COLLEGE PARK -- Broadcast journalist Alison Burns ’93 will join the University of Maryland Philip Merrill College of Journalism’s professional-track broadcast faculty as a lecturer starting in Fall 2021, Dean Lucy A. Dalglish announced.
Burns has worked for four semesters as the director of Merrill's College Park Scholars Media, Self and Society living and learning community, and has served as a Merrill adjunct, teaching a variety of courses -- all while working on her Ph.D. in Journalism Studies.
“Our Merrill College students are studying and practicing journalism at such an exciting place, at a time when they can have unprecedented impact covering critical issues,” Burns said. “I’m incredibly grateful to work with them.”
Burns will continue her College Park Scholars duties and teach two Merrill broadcast classes during the regular school year. When she finishes her dissertation, she will add a third broadcast class.
In her first year directing the Merrill Scholars program, Burns was recognized with Scholars' Ken Joseph Outstanding Mentor Award after being nominated by her students.
“Alison is a talented multitasker and a delightful colleague,” Dalglish said. “Her permanent addition to our broadcast faculty will enhance our faculty roster, particularly for our writing and reporting courses.”
Burns, who received her undergraduate degree from UMD in 1993, has worked in news since, mostly as a Washington correspondent and producer for Cox Media Group’s nationwide network of TV and radio stations. As a Washington correspondent, she produced and reported multiple live reports a day from the U.S. Capitol, the White House and the Pentagon. She also covered major breaking news and investigative stories.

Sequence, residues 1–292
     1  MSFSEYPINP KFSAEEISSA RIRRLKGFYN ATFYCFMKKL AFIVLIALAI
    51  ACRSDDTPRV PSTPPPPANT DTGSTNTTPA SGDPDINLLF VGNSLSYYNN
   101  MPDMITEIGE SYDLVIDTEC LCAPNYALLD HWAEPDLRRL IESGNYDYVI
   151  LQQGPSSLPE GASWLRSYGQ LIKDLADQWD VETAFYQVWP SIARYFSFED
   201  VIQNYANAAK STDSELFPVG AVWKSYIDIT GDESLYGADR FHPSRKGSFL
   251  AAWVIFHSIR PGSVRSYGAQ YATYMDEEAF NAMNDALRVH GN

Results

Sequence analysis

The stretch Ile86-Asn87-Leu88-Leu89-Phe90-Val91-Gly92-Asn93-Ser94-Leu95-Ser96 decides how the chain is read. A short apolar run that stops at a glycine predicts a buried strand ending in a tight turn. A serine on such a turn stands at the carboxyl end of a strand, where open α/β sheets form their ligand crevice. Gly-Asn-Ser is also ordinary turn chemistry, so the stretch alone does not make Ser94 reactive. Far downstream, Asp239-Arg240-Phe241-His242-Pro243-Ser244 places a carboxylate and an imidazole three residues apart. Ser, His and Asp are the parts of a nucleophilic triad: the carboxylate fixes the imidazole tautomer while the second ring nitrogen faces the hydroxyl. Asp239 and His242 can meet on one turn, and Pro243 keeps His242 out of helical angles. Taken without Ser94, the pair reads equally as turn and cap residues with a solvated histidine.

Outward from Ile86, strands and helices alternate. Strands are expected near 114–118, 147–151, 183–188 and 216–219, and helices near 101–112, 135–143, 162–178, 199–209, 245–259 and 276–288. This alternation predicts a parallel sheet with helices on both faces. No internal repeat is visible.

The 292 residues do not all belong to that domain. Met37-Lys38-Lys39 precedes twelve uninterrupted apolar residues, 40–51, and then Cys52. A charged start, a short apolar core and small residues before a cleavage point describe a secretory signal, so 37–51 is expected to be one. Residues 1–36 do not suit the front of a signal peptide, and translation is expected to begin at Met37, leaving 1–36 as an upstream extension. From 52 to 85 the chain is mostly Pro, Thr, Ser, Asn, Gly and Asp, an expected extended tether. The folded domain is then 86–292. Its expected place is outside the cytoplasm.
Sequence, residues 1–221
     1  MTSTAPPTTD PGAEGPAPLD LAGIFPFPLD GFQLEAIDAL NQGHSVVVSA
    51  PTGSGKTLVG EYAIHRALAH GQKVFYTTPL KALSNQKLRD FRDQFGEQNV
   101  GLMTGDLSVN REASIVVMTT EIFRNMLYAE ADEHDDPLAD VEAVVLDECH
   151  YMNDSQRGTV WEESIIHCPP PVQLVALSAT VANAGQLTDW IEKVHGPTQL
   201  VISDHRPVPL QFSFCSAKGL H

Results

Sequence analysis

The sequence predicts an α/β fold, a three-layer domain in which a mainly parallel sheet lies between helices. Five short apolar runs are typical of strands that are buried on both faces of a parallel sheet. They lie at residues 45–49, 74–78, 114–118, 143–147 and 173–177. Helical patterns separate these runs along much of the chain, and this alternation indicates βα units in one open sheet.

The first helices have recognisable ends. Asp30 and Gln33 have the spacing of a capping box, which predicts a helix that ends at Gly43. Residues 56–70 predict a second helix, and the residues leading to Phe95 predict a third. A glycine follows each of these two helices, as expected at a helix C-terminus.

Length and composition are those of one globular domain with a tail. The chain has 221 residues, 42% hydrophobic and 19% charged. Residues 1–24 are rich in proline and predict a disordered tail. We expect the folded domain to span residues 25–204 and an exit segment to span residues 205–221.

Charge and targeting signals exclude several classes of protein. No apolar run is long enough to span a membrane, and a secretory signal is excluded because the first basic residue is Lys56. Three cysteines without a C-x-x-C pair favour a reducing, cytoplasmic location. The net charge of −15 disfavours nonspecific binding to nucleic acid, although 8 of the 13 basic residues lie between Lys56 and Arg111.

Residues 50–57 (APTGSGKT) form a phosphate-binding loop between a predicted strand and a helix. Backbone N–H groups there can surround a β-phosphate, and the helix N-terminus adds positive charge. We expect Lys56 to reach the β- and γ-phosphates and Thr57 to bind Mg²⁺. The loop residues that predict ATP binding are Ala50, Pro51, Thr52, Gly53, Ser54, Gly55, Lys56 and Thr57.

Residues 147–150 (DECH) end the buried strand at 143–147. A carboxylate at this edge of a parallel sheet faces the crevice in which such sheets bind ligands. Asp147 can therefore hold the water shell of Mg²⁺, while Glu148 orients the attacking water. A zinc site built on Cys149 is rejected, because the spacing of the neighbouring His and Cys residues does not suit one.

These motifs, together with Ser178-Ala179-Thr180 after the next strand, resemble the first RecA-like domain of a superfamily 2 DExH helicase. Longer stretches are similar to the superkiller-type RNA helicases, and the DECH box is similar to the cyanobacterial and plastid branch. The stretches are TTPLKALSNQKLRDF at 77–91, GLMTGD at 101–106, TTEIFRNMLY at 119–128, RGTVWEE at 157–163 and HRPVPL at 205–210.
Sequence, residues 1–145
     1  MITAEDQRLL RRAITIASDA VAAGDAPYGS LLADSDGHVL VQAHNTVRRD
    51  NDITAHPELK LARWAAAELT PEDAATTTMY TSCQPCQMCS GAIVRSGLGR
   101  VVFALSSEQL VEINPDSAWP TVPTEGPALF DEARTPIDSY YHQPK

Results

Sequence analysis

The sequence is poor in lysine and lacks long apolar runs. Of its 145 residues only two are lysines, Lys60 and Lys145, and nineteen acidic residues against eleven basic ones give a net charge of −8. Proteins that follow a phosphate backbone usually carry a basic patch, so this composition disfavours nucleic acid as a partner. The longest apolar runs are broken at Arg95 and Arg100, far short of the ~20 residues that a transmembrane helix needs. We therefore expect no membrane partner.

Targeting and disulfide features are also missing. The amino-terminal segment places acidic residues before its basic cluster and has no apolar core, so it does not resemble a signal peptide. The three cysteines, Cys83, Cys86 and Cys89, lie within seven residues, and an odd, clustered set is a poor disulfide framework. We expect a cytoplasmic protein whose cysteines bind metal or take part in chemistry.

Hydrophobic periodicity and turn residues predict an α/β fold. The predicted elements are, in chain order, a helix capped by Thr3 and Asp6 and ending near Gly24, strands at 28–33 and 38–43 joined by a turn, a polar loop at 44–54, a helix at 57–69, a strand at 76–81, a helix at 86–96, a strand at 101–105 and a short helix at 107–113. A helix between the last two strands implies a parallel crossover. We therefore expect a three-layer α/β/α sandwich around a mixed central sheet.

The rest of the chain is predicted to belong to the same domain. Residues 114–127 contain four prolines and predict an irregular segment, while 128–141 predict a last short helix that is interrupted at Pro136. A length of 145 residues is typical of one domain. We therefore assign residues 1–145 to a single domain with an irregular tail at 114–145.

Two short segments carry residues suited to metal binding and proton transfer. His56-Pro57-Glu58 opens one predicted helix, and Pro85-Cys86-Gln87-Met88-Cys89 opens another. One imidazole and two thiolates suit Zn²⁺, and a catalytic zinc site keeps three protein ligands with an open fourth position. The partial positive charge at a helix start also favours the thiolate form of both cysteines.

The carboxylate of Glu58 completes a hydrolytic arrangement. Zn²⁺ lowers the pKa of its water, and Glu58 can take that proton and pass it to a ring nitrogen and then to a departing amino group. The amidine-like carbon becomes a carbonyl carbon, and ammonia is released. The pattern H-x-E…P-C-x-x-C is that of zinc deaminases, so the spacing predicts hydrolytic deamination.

She continues to freelance as a producer, while teaching broadcast news writing and reporting, and other courses at the college.
Burns is also researching ways to improve and expand journalism education. She created a “FACTS about Fake News” media literacy workshop with the goal of empowering high school students and others to recognize the value of journalism and make the fight against “fake news” their own. The project received a 2019 Best Practices in Teaching Award from the Association for Education in Journalism and Mass Communication.
She was selected as a 2017-2019 UMD Do Good Faculty Fellow to develop service-learning programs that help students improve community engagement on campus. She also received a Making a Difference Award from the UMD Office of Community Engagement for creating a class that partnered college journalism students with Prince George’s County middle school students.
Burns and her Ph.D. adviser, Dr. Linda Steiner, won a $10,000 faculty-student research award for the 2021-22 academic year to study faculty perspectives on innovations in journalism education.
- Merrill College